19 Facts From Behind the Scenes of ‘Hamilton’ That You Probably Didn’t Know, But 100% Should

Pretty much everyone who loves history and a sick beat and fun things in general is geeking out over Hamilton right now. Whether you’re discovering it for the first time on Disney+ or coming back to it like an old friend, it’s delightful, and honestly, none of us can get enough.

If you’re out there reading everything you can find about the hit musical, it’s cast and creators, well, you’re going to want to scan these 19 behind-the-scenes secrets.

19. Lin Manuel was a bit of a procrastinator.

He wrote the middle portion of “Right Hand Man” during a tech rehearsal, forcing music director Alex Macamoire to work off his scribbled notes.

18. It was filmed over the course of three days.

Two of the days took place during live performances and the third, which gave us all of those delicious close-ups, dolly shots, Steadicam, and crane angles, was shot in an empty theater.

17. Philippa Soo preferred to stay in character.

When Eliza sits next to Philip while teaching him piano, the two of them spoke quietly about Philip being nervous to perform the poem for his father.

16. Only 12 of the songs were performed more than once to get the close-ups.

That means 33 of the musical numbers were filmed during the live performances – no redos.

Obviously, they didn’t need them.

15. During “Dear Theodosia” Leslie Odom, Jr. would say a prayer for his unborn (at the time) daughter.

Image Credit: Disney+

By the end of his run in the show, he had said “over 500 prayers” for his little girl.

14. Jonathan Groff is only on stage for 9 total minutes.

Image Credit: Disney+

He said the role of King George III helped him figure out how to “do a lot with a little.”

13. Renee Elise and Lin Manuel watched Philippa Soo perform “Burn” every night from the wings.

They each wanted to be there for their characters, but probably also for the magic.

12. Leslie Odom Jr.’s favorite song is “The Story of Tonight.”

Image Credit: Disney+

Seeing “four men of color on a stage singing together about friendship and brotherhood” left a Leslie explained, “Never in my life, you see, had I seen four men of color on a stage singing together about friendship and brotherhood.” on him when he saw it during an early staging.

11. The letters Eliza burns are sort of real.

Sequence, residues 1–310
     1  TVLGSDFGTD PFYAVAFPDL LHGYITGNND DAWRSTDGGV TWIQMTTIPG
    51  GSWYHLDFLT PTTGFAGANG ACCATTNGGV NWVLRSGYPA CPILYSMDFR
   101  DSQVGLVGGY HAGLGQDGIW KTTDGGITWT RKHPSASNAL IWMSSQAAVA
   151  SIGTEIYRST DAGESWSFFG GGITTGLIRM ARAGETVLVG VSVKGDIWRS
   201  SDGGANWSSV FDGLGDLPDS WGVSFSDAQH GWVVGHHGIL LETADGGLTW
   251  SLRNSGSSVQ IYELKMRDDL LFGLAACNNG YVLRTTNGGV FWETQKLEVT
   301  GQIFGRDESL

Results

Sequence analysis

They’re cursive transcripts of real letters between Eliza and Alexander.

10. Yes, working with the turntable during “Helpless”and “Satisfied” was the hardest part to learn.

Image Credit: Disney+

They learned it on a different stage and then essentially had to start over in the actual space.

9. The letters Eliza burns are totally safe.

Image Credit: Disney+

The paper burns for around two minutes and nine seconds – safe, but also extinguishing in time for the perfect blackout at the end of the song.

8. Lin Manuel said he wasn’t even sure he would “have time to get into” Angelica Schuyler’s character.

Image Credit: Disney+

Then he wrote “Satisfied” and we can’t imagine the musical without her.

7. Daveed Diggs added his own magic.

The line when Jefferson says “uhhh…France’ was improvised during “What’d I Miss.”

6. Renee Elise Goldsberry confesses that the final toast was actually the hardest part for her.

Image Credit: Disney+

Yes, even though she rapped and performed “Helpless” backwards during “Satisfied.” The emotion of the moment got to her.

5. Philippa Soo believes the “final gasp” could mean a lot of things.

Image Credit: Disney+

It can be interpreted as Eliza getting to heaven, Eliza seeing Alexander (or Philip), or Eliza seeing the audience and realizing her legacy – or all three at the same time.

4. Lin Manuel is as impressed with Daveed Diggs as the rest of us.

He added an entire second section to “Guns and Ships” because they were obsessed with his sense of rhythm.

3. For good reason – he sings the fastest-paced lyrics in musical theater history.

Image Credit: Disney+

Around 6.3 words a second during “Guns and Ships.”

2. Choreographer Andy Blankenbuehler came up with the idea for “The Bullet.”

Lin Maneul’s brilliance isn’t behind everything. Ariana DeBose took the idea and “ran with it.”

1. If you haven’t noticed her before, do so on your next watch.

“The Bullet” is the first person to die in the contemporary timeline and becomes an omen of death.

I’m completely intrigued and honestly, I want to watch the entire thing again right now.

How many times have you watched it already? You can tell us in the comments. No judgement, we swear.